Why use barbless hooks? | SierraSun.com

Why use barbless hooks?

Bruce Ajari
Gone Fishin'

Fly fishermen and artificial-lure fishermen who fish the Little Truckee and Truckee rivers have gotten used to using barbless hooks within the special regulation waters. These waters require artificial lures or flies with barbless hooks.

I began pinching my barbs down on my hooks many years ago. I now do this routinely on any water I fish. You can either pinch down the barbs on your flies if they have them, or buy or tie them on barbless hooks.

Many anglers refuse to use them on waters that do not require their use. The reason I often hear is that they will lose the fish when playing them.

In most instances, as long as the angler keeps a tight line on the fish, he or she will not lose a fish just because of the barbless hook. Most experts will tell you that many times a hook with a barb does not always penetrate past the barb, which causes the loss of many fish. The reason is that the barb requires a lot of force to penetrate because of the amount of flesh the hook must displace.

A barbless hook actually will displace less flesh because of the lack of the barb. The thinner profile will penetrate with much less force. As a result, anglers get much more positive hook-ups.

Another reason to use barbless hooks is that they can be removed from the angler more easily if they happen to get impaled. I was fly fishing at one of our local reservoirs years ago using some streamers on a fast-sinking shooting head system. This is a pretty heavy line, and I was fishing on a pretty windy day.

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While making my forward cast, a gust of wind drove the flyline into me and the fly came directly into my jawbone. The force with which the line and fly hit me dazed me for a moment, but I soon realized that the fly was lodged in my jaw.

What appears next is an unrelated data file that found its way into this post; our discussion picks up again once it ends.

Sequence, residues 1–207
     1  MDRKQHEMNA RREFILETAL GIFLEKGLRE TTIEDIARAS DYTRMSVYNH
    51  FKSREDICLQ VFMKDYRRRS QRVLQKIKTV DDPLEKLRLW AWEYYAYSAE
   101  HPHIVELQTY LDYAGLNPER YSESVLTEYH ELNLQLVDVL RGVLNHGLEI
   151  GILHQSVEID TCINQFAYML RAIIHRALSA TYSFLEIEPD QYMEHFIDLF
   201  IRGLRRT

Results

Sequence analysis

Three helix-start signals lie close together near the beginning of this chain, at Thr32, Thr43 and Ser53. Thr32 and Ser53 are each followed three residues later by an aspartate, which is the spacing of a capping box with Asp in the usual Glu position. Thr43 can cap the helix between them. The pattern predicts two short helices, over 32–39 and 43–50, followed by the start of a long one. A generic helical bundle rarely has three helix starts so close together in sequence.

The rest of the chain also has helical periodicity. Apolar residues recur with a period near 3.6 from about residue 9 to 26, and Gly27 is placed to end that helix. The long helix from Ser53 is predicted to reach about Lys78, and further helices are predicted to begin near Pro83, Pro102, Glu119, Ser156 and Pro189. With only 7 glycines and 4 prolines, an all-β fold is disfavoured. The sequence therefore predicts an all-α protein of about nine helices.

I walked myself back up to my truck and used the side-view mirror to quickly remove the barbless hook by simply backing it straight out. It would have been a much tougher process to remove a barbed hook. A little antiseptic on the wound and I was back on the water again. Just make sure your tetanus shot is up to date if you stick yourself.

A friend of mine hooked himself pretty deeply with a treble hook a couple years ago while we were on a trip in Baja. Had the hooks been barbless, it would have been much easier to remove. A barbed hook will displace a pretty good amount of flesh if backed straight out. I am told that even using the mono loop trick tears a good amount of flesh with a barbed hook.

We had to take our friend to see a local doctor, who had to give him a shot for the pain. He then worked the hook through to expose the barb and then cut that potion of the hook and backed the unbarbed portion out.

If you are not using barbless hooks, consider giving them a try, particularly if you are releasing your fish. It makes the release much less stressful on the fish. It also makes the process of hook removal so much easier if you hook yourself. You can usually get the hook out on your own.

– Bruce Ajari is a Truckee resident and regular fishing columnist for the Sierra Sun and other area newspapers.